Figure 4.19 – The Search & Replace dialog box of the RichTextBoxPad application
To invoke the Search & Replace dialog box, the code calls the Show method of the frmFind form, as discussed in Chapter 6, via the following statement:
frmFind.Show()Code language: VB.NET (vbnet)
The Find method of the RichTextBox control allows you to perform case-sensitive or case-insensitive searches, as well as search for whole words only. These options are specified through an argument of the RichTextBoxFinds type. The SetSearchMode() function (see Listing 4.33) examines the settings of the two check boxes at the bottom of the form and sets the Find method’s search mode.
Listing 4.33: Setting the Search Options
Function SetSearchMode() As RichTextBoxFinds Dim mode As RichTextBoxFinds = _ RichTextBoxFinds.None If chkCase.Checked = True Then mode = mode Or RichTextBoxFinds.MatchCase End If If chkWord.Checked = True Then mode = mode Or RichTextBoxFinds.WholeWord End If Return mode End FunctionCode language: VB.NET (vbnet)
The Click event handlers of the Find and Find Next buttons call this function to retrieve the constant that determines the type of search specified by the user on the form. This value is then passed to the Find method. Listing 4.34 shows the code behind the Find and Find Next buttons.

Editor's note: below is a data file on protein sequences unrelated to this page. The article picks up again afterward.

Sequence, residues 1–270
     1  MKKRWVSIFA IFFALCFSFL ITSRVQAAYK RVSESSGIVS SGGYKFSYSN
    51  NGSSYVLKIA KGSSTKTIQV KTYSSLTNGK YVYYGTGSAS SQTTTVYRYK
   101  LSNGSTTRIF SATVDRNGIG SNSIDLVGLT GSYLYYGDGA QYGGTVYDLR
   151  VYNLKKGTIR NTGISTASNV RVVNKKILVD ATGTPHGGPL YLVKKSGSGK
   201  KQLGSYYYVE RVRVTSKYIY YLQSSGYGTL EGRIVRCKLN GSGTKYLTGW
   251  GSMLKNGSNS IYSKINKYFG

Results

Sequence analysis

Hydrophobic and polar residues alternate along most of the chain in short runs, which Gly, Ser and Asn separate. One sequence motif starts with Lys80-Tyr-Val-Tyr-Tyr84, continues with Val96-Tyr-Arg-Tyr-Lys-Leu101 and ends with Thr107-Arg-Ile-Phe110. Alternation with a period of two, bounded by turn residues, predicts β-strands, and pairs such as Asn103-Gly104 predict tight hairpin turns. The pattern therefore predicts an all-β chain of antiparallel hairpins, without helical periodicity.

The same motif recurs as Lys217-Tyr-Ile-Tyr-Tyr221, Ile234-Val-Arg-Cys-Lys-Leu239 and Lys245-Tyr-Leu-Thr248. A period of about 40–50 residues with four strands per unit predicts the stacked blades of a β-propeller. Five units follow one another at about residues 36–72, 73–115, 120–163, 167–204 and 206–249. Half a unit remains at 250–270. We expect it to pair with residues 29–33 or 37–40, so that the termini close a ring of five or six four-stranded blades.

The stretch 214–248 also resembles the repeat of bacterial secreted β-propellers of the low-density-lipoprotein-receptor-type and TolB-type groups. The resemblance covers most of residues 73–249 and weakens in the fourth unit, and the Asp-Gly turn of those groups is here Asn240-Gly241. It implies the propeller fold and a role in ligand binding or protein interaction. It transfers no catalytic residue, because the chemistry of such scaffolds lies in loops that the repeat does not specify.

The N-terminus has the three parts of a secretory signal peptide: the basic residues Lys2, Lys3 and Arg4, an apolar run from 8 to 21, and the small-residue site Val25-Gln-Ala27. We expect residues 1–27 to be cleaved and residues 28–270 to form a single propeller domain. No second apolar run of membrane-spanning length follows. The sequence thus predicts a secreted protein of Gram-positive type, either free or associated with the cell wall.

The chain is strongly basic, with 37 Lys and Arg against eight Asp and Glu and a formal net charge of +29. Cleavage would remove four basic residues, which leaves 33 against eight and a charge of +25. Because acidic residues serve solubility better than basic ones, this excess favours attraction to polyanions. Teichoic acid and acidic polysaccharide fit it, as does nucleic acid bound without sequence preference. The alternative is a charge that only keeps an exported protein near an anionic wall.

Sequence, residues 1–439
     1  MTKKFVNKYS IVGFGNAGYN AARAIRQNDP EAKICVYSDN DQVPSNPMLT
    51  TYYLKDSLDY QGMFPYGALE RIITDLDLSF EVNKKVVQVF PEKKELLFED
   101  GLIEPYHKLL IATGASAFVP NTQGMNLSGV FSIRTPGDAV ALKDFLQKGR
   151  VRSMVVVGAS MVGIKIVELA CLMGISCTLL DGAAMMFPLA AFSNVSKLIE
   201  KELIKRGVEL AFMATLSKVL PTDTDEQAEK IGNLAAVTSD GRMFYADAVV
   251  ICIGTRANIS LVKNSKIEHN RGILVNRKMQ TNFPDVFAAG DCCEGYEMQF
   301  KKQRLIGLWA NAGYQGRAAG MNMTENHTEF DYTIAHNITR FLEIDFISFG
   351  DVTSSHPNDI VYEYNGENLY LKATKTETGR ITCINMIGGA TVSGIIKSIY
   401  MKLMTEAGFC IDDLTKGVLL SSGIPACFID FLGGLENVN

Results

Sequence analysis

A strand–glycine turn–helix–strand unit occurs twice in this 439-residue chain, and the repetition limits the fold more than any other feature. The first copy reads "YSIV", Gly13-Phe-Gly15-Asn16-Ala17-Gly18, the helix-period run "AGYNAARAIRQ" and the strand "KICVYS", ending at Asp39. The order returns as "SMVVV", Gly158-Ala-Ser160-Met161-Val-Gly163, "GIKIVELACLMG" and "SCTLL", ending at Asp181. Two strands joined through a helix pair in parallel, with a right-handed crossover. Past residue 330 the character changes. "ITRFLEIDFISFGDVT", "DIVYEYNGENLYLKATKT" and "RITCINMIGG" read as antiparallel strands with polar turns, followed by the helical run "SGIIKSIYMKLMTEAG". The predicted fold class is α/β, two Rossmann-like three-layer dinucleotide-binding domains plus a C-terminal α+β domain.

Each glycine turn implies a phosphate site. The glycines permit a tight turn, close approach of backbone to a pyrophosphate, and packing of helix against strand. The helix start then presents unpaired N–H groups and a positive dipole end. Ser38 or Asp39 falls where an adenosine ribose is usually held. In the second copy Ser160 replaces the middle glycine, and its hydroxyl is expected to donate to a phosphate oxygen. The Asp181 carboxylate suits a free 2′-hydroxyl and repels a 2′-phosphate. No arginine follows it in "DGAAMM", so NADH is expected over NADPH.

Listing 4.34: The Find and Find Next Commands
Private Sub bttnFind Click(...) _ Handles bttnFind.Click Dim wordAt As Integer Dim srchMode As RichTextBoxFinds srchMode = SetSearchMode() wordAt = frmEditor.Editor.Find( _ txtSearchWord.Text, 0, srchMode) If wordAt = -1 Then MsgBox("Can't find word") Exit Sub End If frmEditor.Editor.Select(wordAt, _ txtSearchWord.Text.Length) bttnFindNext.Enabled = True bttnReplace.Enabled = True bttnReplaceAll.Enabled = True frmEditor.Editor.ScrollToCaret() End Sub Private Sub bttnFindNext Click(...) _ Handles bttnFindNext.Click Dim selStart As Integer Dim srchMode As CompareMethod srchMode = SetSearchMode() selStart = frmEditor.Editor.Find( _ txtSearchWord.Text, _ frmEditor.Editor.SelectionStart + 2, _ srchMode) If selStart = -1 Then MsgBox("No more matches") Exit Sub End If frmEditor.Editor.Select( _ selStart, txtSearchWord.Text.Length) frmEditor.Editor.ScrollToCaret() End SubCode language: VB.NET (vbnet)
Notice that both event handlers call the ScrollToCaret method to force the selected text to become visible — should the Find method locate the desired string outside the visible segment of the text.